Some things you do, if you want to retain the moral authority to teach your children right from wrong. So you go in.
And I taught them that no man – no EMT instructor, no supervisor, no textbook author – may make that decision for another. It is one they would have to make for themselves when the time came, and they'd likely have no warning or time to mentally prepare.
And to their credit, none of them dropped the class. They all finished. And that… that was a high point in my career as an EMT. They had 411 examples of what could happen to them, and still they chose to be EMTs. It was my honor to teach them how.
It's the 10th anniversary now, and the politicians and pundits say we should look back and honor their sacrifice. We should look back and reflect on what the event meant to us, and how it has shaped our nation since.
To hell with that.
We've had ten years to grieve, and grief is a singularly useless emotion. Grief keeps us locked in the past, and blinds us to the future.
The time to grieve the fallen passed years ago, and it's time to stop wallowing in it. It's unseemly. If you want to feel anything about September 11, feel anger. Let it harden into resolve.
Feel anger that our politicians have played upon our fears and strengthened their hold over us. In the ten years since, they have lost sight of the fact that they are our servants, not our masters. Let it harden into resolve that the next time you step into a voting booth, you will support a candidate who understands that, or you will support no candidate at all. None of them – not a single, blow-dried, vacuous, morally compromised one of them, Democrat or Republican – is worthy of the sacrifice of the 343 cops and firemen who died in the WTC collapse, or the passengers of Flight 93, or the thousands of soldiers and servicemen who have died since, trying to bring freedom to people who neither value nor want it.
Feel anger that police powers have broadened to the point that the law enforcement motto is no longer, "To protect and serve," but has become, "Us versus them." And resolve to stand up to it, and never bow to authority exercised unjustly. Demand accountability.
Feel anger about the erosion of our freedoms, and resolve that the Patriot Act must be repealed. It has not been exercised in the way it was intended, and has become the wish list of the police state:
Of all the delayed-notice search warrants issued in terms of the Patriot Act between 2006 and 2009, 1,618 concerned drug crimes; 122 fraud; and a mere 15 were for terrorism-related offenses.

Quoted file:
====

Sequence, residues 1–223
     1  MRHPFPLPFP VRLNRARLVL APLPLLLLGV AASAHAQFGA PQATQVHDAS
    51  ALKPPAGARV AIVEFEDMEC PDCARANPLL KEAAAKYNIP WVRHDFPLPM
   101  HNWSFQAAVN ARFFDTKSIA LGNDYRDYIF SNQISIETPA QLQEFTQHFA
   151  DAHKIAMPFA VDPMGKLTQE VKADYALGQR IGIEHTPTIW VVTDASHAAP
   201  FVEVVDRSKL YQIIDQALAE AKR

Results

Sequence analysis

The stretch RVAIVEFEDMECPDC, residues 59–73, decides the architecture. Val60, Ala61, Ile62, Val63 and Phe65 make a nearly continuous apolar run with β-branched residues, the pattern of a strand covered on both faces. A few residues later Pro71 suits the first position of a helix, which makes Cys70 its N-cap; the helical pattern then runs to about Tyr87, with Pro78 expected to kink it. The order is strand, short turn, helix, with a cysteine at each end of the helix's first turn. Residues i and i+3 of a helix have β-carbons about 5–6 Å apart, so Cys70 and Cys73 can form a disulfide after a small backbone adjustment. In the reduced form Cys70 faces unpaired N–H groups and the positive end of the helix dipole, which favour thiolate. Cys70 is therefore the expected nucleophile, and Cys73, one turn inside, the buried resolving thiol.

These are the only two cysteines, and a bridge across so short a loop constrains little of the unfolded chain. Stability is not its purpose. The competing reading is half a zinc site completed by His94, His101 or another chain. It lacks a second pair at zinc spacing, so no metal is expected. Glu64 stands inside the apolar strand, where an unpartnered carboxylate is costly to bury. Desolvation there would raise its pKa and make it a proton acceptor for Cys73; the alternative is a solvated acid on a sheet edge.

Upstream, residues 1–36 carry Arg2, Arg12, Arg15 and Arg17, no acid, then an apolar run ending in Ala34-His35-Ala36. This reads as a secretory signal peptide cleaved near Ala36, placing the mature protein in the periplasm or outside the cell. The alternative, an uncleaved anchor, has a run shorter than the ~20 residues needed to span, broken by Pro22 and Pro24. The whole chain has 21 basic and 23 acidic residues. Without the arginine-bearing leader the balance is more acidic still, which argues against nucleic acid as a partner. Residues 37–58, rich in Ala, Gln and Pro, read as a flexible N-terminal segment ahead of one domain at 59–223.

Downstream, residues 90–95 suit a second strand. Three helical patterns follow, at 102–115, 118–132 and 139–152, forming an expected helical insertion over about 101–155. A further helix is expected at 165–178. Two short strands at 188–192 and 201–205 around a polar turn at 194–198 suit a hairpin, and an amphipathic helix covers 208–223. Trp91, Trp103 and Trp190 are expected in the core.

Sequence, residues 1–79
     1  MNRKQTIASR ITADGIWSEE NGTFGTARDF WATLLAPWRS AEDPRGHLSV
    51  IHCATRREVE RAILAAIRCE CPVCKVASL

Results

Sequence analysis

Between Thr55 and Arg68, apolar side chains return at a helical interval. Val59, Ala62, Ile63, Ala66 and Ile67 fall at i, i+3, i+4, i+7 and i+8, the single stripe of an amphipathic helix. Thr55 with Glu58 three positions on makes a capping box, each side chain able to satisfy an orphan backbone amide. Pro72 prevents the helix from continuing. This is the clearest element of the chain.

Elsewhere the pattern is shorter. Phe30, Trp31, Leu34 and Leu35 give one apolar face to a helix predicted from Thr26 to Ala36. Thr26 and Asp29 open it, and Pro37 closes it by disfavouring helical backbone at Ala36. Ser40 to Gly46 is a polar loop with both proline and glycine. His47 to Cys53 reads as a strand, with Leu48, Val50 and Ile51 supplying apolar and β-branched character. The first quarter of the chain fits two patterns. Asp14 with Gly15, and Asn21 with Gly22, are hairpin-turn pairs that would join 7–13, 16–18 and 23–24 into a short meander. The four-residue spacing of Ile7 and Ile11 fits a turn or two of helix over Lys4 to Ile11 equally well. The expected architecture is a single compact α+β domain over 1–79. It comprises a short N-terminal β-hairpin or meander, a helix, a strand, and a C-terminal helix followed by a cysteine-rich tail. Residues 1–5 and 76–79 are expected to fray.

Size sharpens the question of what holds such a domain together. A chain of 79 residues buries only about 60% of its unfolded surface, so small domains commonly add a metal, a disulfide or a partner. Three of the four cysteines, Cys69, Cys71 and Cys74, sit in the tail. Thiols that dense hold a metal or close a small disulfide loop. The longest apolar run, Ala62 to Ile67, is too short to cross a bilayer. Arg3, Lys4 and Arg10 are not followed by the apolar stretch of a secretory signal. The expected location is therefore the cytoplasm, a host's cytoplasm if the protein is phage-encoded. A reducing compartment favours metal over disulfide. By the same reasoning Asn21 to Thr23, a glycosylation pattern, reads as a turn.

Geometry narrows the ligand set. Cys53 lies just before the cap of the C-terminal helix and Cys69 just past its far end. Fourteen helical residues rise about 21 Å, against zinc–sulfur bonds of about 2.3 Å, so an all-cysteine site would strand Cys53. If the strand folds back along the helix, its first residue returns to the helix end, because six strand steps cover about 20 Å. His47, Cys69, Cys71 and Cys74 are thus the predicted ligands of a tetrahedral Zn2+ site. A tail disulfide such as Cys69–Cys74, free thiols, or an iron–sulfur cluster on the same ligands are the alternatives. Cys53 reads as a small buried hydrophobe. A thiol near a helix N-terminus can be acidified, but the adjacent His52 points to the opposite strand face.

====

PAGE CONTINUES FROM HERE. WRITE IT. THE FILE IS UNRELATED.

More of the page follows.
Feel anger that the word hero has been bandied about so much in the years since that it has no meaning. And resolve that the next time you use it, you will do so in reference to an act that was actually heroic – not as a substitute for role model, good guy, dedicated worker, or death in the line of duty. America needs its heroes, but not so badly that we need to create them ourselves. The only people who have used the term appropriately since then are the folks at Anheuser Busch: they changed the name of their Bud Light Campaign from "Real American Heroes," to "Real Men of Genius."
There are many things to feel angry about, and I suppose if you look hard enough, plenty of things for which we should be thankful. But the one emotion we should not entertain on this day is sorrow. That is not America, and to indulge in it grants our enemies power they should not have.
I don't know how you plan to spend today, but I'll tell you how I'm going to do it. I'm not going to turn on the television or radio, and I'm not going to read anything on the internet about 9/11. I'm going to look forward, not back.
I'm going to say a brief prayer for the lives we've lost, and for the future of our nation.
And then I'm going to go outside, take my kid jet skiing, drink a beer or three, engage in some rampant consumerism, and go shoot some guns. And tonight I'm going to eat at a decent restaurant, watch a mindless movie with a weak plot and lots of explosions and gunfire and gratuitous nudity and sex, and maybe go help make a couple of kilts.
In short, I'm going to go be everything our enemies hate: a vain, arrogant, hedonistic, naive and idealistic American, who views his country – despite all its faults – as the best damned place on the face of the Earth.
And I'll be damned if I'm going to apologize for it.
If any of you care to join me in spirit, then I'll crib a line from ten years ago: "Let's roll."